- Oprah's Book Club Selection
Songs in Ordinary Time Paperback – Aug 1 1996
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Oprah Book Club® Selection, June 1997: A dark secret lies at the heart of Mary McGarry Morris's extraordinary novel, Songs in Ordinary Time. Rooted in the delicate web of emotions, lies, and truths that bind people together, the story takes place in the primarily Catholic town of Atkinson, Vermont, during the summer of 1960. Here Marie Fermoyle struggles to raise her three children. She already has two strikes against her: she married above her station and now is divorced from her alcoholic husband, Sam. That he is the town drunk and a laughingstock only further marks the Fermoyles.
Enter Omar Duvall, a confidence man. He comes to the door asking for bread and sees an opportunity. Soon he has insinuated himself into the Fermoyle family, promising Marie companionship, love, a willing pair of shoulders to share her burden. Twelve-year-old Benjy knows something terrible about Duvall, but, desperate for anything that will make his mother happy, he hides the truth. This silence gives Duvall time to bring Marie to the brink of financial disaster and lead her sons into mortal danger.
Songs in Ordinary Time includes a chorus of other Atkinson inhabitants: town cop Sonny Stoner and his dying wife; insurance salesman Bob Haddad, so enthralled with his beautiful wife that he's willing to steal for her; and Father Gannon, the young priest with whom Marie's daughter Alice becomes involved; and the Klubock family next door, who epitomize all that is normal to young Benjy. With these lives threaded through her bittersweet tale of the Fermoyles, Morris strikes all the notes of loneliness, hope, and familial love.
From Publishers Weekly
Set in Vermont during the summer of 1960, Morris's latest concerns a dysfunctional family that falls prey to a dangerous con man.
Copyright 1996 Reed Business Information, Inc.
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Top Customer Reviews
I did end up liking the book, and I was VERY close to putting it down & not finishing it. I am glad I stuck it out.
The characters are memorable. Their plights, long & hard.
You will cringe with them when things go wrong. It's a story that is so believable it feels real. I see why Oprah picked it.
Just remember, there are many books that start off slow, but they don't always have such a rewarding ending.
Next, we have Marie Fermoyle and her three unusual children. I found it sad that she was so desperate for love, that she fell for the fat, slovenly Omar Duval in his one and only shabby suit and his see-through lies.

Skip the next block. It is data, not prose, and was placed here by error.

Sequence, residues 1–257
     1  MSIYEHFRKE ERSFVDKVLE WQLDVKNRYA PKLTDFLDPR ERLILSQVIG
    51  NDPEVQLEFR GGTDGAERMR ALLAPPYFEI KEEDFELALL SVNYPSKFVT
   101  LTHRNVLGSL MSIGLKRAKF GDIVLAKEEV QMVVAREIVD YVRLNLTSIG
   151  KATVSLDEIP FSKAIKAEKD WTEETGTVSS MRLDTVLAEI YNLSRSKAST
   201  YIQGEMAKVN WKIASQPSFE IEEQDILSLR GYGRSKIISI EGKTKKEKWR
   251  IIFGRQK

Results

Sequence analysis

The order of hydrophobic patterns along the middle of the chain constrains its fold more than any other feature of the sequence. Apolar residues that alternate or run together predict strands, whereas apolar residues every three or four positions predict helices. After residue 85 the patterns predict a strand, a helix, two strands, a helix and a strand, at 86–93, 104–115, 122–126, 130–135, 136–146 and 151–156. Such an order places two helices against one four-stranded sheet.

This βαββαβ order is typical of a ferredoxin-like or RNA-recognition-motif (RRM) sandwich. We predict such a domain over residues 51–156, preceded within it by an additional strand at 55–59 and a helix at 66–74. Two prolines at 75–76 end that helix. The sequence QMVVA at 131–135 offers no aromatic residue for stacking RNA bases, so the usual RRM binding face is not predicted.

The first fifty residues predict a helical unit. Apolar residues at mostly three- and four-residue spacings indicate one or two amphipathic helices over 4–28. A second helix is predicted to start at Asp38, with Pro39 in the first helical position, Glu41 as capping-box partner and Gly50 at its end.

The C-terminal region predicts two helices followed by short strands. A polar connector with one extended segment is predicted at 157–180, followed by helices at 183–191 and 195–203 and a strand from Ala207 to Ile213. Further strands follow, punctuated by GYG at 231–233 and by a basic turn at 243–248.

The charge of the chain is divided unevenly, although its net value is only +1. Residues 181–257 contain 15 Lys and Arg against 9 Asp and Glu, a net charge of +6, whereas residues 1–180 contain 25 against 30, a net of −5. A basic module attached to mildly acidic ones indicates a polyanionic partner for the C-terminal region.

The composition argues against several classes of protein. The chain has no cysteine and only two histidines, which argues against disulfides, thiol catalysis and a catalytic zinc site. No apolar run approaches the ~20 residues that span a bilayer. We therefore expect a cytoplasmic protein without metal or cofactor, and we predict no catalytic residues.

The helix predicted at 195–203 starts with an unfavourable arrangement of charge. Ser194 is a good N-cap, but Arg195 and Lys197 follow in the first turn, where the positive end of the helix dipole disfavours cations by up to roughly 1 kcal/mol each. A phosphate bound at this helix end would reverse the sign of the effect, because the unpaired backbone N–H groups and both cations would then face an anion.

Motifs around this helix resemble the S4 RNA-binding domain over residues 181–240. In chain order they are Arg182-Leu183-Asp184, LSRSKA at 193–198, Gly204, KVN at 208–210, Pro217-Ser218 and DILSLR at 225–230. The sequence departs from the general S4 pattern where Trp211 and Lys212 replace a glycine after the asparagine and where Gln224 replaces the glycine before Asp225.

Overall, the entire cast of characters and their individual miseries interweave into an overall story that plays out rather well. Basket-case USA.
One thing that really stuck in my craw was Alice Fermoyle's treatment of Blue Mooney. Maybe because I've always been attracted to just such a guy, I thought she should have given Blue more of a chance. Oh well. That's my opinion.
If you want to read a book that has a multitude of characters and sub-plots, this is a good choice. But don't expect a happily ever after.
As the story opens, we meet The Judge, but he's dead. His housekeeper lets him stay propped up in the window, refusing to admit he's dead until he starts to get quite ripe.
The rest of the story is about greed, and the human desire to believe that someone can come along and solve all your problems for you. And how badly we want someone to solve our problems, that we ignore the fact that he may be a slick talking, murdering, thief.
This book had such gross and dark images that I just did not like it. I made myself finish the book, but it was difficult.
Still much good prose and many juicy secrets. It sort of reminded me of Peyton Place. I suppose no one would agree though because this book is not controversial (although some of the scenes in it can be morally repulsive).
Don't read this book-Fiona Range is reputed to be better (it's by the same author). And if you want to read an Oprah book, read The Bluest Eye-There is depth there.
Most recent customer reviews
This book was very difficult to keep my interest. Aside from it being a depressing story, it had too many characters. I often found it difficult to keep track of who was who. Read morePublished on Nov. 9 2003 by ELD
My time is limited, thus I choose to read only books "worthy" of my time. My girlfriend gave me this book a month ago. Read morePublished on Sept. 23 2003
I had a love-hate relationship with this story as I read it. In the end, my verdict is that it was well-written with Morris' characters intricately formed. Read morePublished on Dec 19 2002 by Amazon Customer
I really, really wanted to dislike this book. Few of the characters were likeable, there were far more subplots than necessary, and as a previous reader noted, it could have easily... Read morePublished on March 20 2002 by Tanja L. Walker
The title made it seem so promising but it was not to be. If you like reading long, monotanous, novels with many characters (all lacking character)this is the book for you. Read morePublished on March 3 2002
I HATED this book. I couldn't stand any of the characters, and for me, that is the most important part of enjoying a book. Read morePublished on Feb. 1 2002
I have for the most part stayed away from Oprah's book club selections. I have found in general that the story lines are as follows.... Read morePublished on Jan. 29 2002 by Turnpike
This book was a terrible disappointment. It's decidedly anti-Catholic bent made for a disturbing read. Read morePublished on Jan. 21 2002
An extraordinary book, that begins and evolves slowly and as the story unfolds it seems terribly ordinary as in the title. Read morePublished on Dec 15 2001 by Marc North